The architecture of Ankara is a combination of Galatian, early Roman, Ottoman, and modern styles.  The city is home to many archaeological sites that travelers can visit.  One of these sites, the Ankara Citadel, was built during the city's Galatian period and then added to later by the Romans.  Though the Citadel is now largely in ruins, parts of it are well in tact and the traditional Turkish style buildings surrounding it have all been restored providing a nice destination for tourists. 

The Temple of Augustus, built around the 2nd Century AD, was constructed as a tribute to the Roman Emperor of the same name.  This building is one of the city's best preserved examples of Roman architecture, with inscriptions honoring Augustus written in Greek and Latin on its walls.  The Temple was made into a church during the city's Byzantine period, and it still functions as a church today.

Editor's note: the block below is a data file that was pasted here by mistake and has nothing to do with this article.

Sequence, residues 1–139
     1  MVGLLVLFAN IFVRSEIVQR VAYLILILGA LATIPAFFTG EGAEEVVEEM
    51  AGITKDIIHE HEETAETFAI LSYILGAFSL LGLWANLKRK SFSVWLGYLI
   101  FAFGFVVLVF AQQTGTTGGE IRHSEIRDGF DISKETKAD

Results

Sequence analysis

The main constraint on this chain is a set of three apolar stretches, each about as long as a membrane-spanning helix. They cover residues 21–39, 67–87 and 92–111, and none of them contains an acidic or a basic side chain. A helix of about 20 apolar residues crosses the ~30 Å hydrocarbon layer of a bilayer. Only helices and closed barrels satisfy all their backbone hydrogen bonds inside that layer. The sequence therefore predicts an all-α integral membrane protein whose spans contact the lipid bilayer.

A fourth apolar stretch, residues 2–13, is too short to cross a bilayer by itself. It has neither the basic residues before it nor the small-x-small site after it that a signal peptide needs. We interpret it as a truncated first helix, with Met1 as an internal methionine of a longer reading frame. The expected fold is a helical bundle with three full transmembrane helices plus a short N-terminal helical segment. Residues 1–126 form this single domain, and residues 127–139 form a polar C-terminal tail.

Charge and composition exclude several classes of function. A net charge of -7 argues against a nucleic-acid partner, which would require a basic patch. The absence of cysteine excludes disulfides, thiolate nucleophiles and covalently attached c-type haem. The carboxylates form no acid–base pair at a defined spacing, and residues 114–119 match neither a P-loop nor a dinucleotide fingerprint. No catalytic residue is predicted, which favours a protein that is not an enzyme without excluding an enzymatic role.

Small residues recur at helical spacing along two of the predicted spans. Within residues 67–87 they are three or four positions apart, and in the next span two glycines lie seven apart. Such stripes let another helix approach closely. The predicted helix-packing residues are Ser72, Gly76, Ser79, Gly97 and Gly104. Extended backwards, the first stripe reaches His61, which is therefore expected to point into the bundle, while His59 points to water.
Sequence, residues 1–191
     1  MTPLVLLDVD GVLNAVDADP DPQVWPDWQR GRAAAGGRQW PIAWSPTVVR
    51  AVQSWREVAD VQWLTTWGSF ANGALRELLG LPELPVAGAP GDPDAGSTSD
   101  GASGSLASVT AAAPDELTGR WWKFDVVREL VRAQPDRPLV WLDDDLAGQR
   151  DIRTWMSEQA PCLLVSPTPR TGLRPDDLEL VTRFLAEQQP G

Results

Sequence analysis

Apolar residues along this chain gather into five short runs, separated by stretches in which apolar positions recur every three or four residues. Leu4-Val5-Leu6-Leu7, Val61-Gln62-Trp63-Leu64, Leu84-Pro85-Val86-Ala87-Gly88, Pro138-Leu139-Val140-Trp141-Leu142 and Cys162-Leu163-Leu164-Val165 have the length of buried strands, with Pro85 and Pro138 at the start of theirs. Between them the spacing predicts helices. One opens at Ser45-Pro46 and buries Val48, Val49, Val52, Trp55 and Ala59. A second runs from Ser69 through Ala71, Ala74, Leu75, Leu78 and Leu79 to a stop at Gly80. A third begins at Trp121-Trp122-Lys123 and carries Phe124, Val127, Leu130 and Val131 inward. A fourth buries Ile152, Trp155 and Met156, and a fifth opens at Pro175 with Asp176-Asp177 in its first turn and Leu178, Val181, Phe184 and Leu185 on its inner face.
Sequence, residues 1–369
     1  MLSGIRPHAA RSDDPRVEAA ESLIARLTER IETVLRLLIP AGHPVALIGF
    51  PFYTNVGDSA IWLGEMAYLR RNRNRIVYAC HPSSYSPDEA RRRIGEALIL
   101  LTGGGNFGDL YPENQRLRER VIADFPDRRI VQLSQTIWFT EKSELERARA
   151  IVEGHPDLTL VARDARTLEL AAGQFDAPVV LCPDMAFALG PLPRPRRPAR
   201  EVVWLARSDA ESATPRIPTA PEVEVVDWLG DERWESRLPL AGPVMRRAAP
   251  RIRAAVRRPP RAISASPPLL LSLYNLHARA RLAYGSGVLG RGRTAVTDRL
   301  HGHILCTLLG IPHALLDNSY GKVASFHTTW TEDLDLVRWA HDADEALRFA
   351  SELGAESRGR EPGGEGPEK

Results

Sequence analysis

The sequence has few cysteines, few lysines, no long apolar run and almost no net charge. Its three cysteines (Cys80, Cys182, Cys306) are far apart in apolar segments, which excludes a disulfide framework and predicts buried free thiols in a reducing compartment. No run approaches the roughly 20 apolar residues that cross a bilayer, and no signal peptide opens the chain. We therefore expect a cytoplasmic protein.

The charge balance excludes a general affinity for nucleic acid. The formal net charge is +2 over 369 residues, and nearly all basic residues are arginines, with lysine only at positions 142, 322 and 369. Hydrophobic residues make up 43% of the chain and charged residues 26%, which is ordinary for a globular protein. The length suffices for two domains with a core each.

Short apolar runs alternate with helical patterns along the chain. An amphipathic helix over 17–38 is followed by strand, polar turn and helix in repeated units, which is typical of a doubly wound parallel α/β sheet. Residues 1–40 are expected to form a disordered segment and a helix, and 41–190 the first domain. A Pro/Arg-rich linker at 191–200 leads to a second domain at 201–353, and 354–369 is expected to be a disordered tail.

Another of Ankara's Roman structures is the Column of Julian, built in honor of Emperor Julian Apostate in the middle of the 4th Century.  The Column is almost 45 feet tall and can be seen from several points in Ankara..